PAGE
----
Well, there’s going to be a new Alien movie, and for some reason, this is good news. Word broke yesterday that Neill Blomkamp, writer/director of District 9 and the forthcoming Chappie, closed a deal with 20th Century Fox to helm a new film in the sci-fi/monster franchise, and everyone is very excited, somehow ignoring the fact that Ridley Scott’s 1979 original has yielded exactly one good sequel (James Cameron’s Aliens) and no fewer than five more that are varying degrees of terrible (Alien 3, Alien: Resurrection, Alien vs. Predator, Alien vs. Predator: Requiem, and Scott’s own Prometheus). That’s a 16 percent sequel success rate, kids, so let’s maybe keep it in our pants for a minute — particularly as Variety is reporting that the Blomkamp Alien is “separate from Prometheus 2, which Fox is still making with Ridley Scott.” Oh, cool, so they’re making like a whole Alien Cinematic Universe, awesome idea, A-plus you guys. But here’s the more pressing issue: in this era of mega budgets and limitless effects possibilities, why has science fiction fallen so specifically prey to the endless sequel-remake-reboot machine? Where are the new sci-fi franchises?
To be clear, there’s no shortage of good sci-fi franchises. Two films in, the rebooted Planet of the Apes movies have proven worthy successors to the original series, replicating those pictures’ ability to mix character drama, social commentary, action, and adventure. Though its follow-up was something of a botch job, J.J. Abrams admirably managed to reignite the seemingly comatose Star Trek series back in 2009 with a reboot that worked simultaneously as science fiction, glossy 21st-century blockbuster, and (most importantly) ensemble comedy. And for his trouble, Abrams was handed the keys to the Star Wars kingdom, which will continue under the capable hands of filmmakers like Rian Johnson (Looper) and Gareth Edwards (Godzilla).
Which is not to say that a franchise has to be good to keep cranking through the assembly line. This summer will see the unleashing of the comically titled Terminator: Genisys, a fairly comparable franchise to Alien: one unquestionably great (perhaps even better than the original) sequel, followed by two far inferior entries and an already-forgotten television spin-off. The franchise has been watered down and cut with baking soda to the point where Genisys looks less like canon than fan-fiction — but it’s a new Terminator movie starring Arnold Schwarzenegger, and in spite of the fact that everyone knows it’ll be terrible, it’s going to make a bajillion dollars.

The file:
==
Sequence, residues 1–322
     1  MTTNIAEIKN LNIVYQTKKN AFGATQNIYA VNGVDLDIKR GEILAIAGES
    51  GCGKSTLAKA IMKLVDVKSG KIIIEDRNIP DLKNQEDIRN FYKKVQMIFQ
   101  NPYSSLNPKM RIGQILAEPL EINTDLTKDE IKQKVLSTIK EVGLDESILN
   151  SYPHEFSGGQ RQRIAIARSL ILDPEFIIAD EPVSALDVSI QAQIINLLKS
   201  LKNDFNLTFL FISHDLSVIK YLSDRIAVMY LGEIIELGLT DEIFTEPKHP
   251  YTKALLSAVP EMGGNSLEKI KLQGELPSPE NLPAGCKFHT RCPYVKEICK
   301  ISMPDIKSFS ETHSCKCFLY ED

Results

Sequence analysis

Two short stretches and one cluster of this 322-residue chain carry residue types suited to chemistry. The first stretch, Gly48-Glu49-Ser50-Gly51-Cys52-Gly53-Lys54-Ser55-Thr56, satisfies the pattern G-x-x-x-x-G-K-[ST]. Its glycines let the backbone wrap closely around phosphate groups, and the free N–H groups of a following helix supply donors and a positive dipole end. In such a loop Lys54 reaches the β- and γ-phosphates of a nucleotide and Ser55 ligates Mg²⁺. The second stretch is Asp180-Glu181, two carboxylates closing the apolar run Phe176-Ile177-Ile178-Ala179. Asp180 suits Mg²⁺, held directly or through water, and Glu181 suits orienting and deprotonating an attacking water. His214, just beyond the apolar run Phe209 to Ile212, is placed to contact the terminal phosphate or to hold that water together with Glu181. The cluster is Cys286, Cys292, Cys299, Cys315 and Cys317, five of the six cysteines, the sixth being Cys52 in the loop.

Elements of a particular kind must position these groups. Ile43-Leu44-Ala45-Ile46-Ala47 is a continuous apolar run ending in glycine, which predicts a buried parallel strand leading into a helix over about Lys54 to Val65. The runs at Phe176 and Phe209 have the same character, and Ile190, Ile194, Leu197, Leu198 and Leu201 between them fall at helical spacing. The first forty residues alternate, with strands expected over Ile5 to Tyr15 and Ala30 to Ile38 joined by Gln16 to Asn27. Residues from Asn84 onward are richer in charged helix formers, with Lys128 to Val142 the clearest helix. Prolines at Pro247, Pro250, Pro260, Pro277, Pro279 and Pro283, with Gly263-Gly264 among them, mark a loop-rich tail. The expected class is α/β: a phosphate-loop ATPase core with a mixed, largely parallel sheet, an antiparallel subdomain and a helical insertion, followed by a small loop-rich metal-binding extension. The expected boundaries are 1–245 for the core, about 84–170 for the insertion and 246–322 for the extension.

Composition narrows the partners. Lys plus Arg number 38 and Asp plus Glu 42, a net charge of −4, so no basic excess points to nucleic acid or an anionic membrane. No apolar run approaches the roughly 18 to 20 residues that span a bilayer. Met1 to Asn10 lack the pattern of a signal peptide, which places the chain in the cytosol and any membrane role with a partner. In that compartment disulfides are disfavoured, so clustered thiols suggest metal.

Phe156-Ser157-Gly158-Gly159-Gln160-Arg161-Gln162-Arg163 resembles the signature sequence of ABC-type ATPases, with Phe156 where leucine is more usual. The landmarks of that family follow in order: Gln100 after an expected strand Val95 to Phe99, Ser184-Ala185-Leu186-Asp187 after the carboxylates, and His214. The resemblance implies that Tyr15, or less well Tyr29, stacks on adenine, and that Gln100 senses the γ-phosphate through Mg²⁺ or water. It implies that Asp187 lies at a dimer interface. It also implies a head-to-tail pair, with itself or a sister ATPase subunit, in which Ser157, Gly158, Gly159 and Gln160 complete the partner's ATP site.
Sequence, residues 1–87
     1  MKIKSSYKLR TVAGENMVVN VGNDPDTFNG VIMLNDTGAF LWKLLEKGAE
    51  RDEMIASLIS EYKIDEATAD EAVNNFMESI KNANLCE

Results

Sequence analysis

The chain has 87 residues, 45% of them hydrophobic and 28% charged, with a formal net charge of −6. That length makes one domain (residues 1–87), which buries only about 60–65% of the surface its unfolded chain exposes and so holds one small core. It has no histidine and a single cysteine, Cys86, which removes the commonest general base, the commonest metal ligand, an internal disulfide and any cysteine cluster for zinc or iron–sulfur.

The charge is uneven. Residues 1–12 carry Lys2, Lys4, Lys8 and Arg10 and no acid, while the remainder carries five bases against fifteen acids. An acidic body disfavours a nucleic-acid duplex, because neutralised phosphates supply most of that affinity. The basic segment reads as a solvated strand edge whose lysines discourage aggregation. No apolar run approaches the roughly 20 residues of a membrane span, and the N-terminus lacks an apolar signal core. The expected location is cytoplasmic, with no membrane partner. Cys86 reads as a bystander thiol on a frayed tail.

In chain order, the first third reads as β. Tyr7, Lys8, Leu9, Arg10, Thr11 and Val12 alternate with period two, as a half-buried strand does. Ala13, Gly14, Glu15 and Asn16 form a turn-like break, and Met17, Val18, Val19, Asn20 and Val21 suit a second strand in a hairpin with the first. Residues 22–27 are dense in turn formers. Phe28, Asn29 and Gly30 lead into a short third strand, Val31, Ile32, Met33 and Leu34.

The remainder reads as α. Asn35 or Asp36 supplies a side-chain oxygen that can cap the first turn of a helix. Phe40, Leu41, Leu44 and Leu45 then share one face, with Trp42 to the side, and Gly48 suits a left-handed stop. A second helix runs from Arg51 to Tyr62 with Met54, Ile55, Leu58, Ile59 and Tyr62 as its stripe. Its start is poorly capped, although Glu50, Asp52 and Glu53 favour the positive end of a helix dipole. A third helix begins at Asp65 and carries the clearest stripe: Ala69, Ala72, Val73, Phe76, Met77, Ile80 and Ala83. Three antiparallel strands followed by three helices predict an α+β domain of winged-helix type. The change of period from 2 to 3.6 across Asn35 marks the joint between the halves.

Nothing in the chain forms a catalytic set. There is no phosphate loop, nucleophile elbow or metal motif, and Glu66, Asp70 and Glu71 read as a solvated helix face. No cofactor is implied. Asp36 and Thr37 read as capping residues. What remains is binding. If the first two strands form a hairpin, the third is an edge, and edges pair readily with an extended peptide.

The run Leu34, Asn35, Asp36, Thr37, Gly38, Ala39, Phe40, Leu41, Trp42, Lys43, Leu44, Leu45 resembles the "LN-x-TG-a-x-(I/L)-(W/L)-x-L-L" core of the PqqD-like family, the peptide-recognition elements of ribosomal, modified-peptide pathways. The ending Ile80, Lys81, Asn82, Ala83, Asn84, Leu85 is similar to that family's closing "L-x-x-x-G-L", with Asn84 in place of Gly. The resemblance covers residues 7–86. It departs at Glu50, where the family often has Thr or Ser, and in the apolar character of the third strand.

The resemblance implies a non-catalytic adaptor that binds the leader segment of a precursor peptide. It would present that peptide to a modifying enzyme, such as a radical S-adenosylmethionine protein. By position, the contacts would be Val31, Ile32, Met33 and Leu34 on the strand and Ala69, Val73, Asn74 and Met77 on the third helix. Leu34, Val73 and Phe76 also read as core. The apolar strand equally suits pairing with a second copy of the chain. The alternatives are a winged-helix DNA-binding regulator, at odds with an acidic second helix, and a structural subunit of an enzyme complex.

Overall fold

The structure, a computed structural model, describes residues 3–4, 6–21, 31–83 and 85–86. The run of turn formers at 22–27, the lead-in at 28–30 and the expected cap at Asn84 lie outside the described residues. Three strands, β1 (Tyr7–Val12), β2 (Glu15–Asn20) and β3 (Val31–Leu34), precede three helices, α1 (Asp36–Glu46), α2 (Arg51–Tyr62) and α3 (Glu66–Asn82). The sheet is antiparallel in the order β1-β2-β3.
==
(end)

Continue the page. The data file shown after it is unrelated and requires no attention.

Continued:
Why? Because genre fans are reliably brand-loyal. Even if you watched that Terminator TV show and hated it, even if you sat through that one Terminator movie with Christian Bale and the guy from Avatar, you still have to see what they’re doing in this new one. Even if you loathed all of the Star Wars prequels (and really, who can blame you), you can’t resist seeing what a fan like Abrams brings to the series, nor the idea of watching Ford, Hamill, and Fisher back in action. And even if you’re totally clear on how much difficulty anyone but Cameron — including Ridley Scott himself — has had recapturing the magic of Alien, well, Blomkamp’s concept art was pretty neat, so maybe he’ll figure it out, right?
Blomkamp knows how forgiving/hopeful sci-fi fans are, and in an odd (and somewhat unprecedented) way, he used that loyalty to land the gig. His Alien had, by all accounts (including his own) stalled out before he started posting those images on Instagram last month, with a subtext of, “Man, I sure do wish I could make this, HEAVY SIGH.” And then, next thing you know he’s directing an Alien movie. Maybe the whole thing was a setup, creating buzz for a deal that was already made; maybe it really was a dormant project that got a shot of life via the clamoring of fans.
Any way you slice it, it’s a savvy bit of timing; the deal has been made before the release of Blomkamp’s next film, Chappie, a Short Circuit/Robocop mash-up which (let’s be honest) doesn’t look very good. His last release, 2013’s Elysium, was widely perceived as a critical and commercial disappointment — at least when compared to the rapturous notices and handsome profitability of District 9. But District 9 was also a bit of an anomaly: an original science-fiction film that found an audience.
Look, you can blame the studios for this endless cycle of sequels and reboots and remakes (and we frequently do). But in the specific area of science fiction, the fans bear at least some of the responsibility. It’s tempting to lump sci-fi boosters with horror fans, the most carnivorous of genre moviegoers, but to their credit (if not their personal detriment), horror fans go see everything: Michael Bay-produced remakes, yet another found-footage ghost story, one more damned Insidious, sure, but also original stories from up and comers. Science fiction fans passed on duds like After Earth — but also, to a great extent, on strikingly original stuff like Edge of Tomorrow, In Time, and Children of Men, and even problematic but ultimately ambitious efforts like Jupiter Ascending, John Carter, and the aforementioned Elysium. And as long as they continue to endorse established but unreliable brands rather than taking risks on new voices, they can’t expect the people who bankroll those movies to do anything but follow suit.